Architecture: Observation Tower in Germany
The project, which opened in Duisburg Wanheim, Germany, sits on a large hill overlooking a sleepy suburban town. The steel forms of “Tiger & Turtle-Magic Mountain” visually allude to the nearby decommissioned factory structures looming over the small town stretched out before it. At 45 meters (147 feet) tall, the sculpture is the largest in the country and is easily visible from every angle. From afar, and especially when lit at night, the spiraling structure evokes the speed and rush we associate with theme park rides, only without the familiar whoosh that accompanies the whir of accelerating roller coasters.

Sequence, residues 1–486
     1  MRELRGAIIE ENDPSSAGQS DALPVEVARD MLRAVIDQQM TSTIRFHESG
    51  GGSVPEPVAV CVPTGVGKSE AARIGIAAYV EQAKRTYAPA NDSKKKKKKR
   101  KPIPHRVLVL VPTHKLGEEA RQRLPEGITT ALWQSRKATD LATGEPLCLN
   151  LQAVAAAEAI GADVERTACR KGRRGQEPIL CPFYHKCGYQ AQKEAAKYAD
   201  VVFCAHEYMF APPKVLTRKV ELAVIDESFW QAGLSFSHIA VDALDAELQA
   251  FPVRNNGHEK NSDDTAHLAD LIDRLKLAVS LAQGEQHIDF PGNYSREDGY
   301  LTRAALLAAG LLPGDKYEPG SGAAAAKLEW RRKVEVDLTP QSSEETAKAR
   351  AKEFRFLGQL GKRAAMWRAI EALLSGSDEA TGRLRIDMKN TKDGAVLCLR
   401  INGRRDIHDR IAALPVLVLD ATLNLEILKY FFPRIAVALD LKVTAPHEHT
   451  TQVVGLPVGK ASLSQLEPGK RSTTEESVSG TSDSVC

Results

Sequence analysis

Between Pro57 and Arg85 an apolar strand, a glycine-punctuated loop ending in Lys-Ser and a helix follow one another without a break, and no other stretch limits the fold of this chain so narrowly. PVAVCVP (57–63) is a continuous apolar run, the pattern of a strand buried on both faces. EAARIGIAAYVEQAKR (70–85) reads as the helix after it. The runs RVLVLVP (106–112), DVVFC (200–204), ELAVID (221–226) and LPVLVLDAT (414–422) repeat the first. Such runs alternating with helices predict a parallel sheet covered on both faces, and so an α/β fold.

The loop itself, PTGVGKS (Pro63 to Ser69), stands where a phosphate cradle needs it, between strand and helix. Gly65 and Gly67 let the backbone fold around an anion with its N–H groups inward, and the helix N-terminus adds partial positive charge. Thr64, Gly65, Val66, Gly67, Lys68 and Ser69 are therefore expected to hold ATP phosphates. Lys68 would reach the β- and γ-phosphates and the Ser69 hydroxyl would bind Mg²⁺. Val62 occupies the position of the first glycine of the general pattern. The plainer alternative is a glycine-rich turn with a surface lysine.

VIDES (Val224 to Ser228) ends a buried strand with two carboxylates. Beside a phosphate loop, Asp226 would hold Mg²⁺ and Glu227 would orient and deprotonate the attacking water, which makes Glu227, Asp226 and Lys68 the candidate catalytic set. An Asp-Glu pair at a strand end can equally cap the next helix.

When moving towards the object, however, it becomes apparent that the ride isn’t fitted with tracks to accommodate moving cars, but with stairways on which visitors leisurely stroll about. This perceptual play is key to the project’s success, whereby, as the designers note, “the roller coaster stands for acceleration and high speed of a tiger but the visitor has to explore it step by step like a turtle.” Interesting is that the spirit and formal gymnastics of the former aren’t compromised for the latter’s sake. Visitors are confronted with impossibly looping stairways, rendered impassible given the body’s fixed relationship to the ground.
The work is a commentary on the region’s struggles with shifting identities and restructuralization. Where the factories once boomed with production, they now sit idly by. Speed and growth are unified and permanently dislodged by the sculpture’s absurd vortices. The resultant scenario has required the locals to come to terms with a post-industrial future, where innovations and progress, possibly, come in the form of the nonlinear twists and abrupt turns of a roller coaster.
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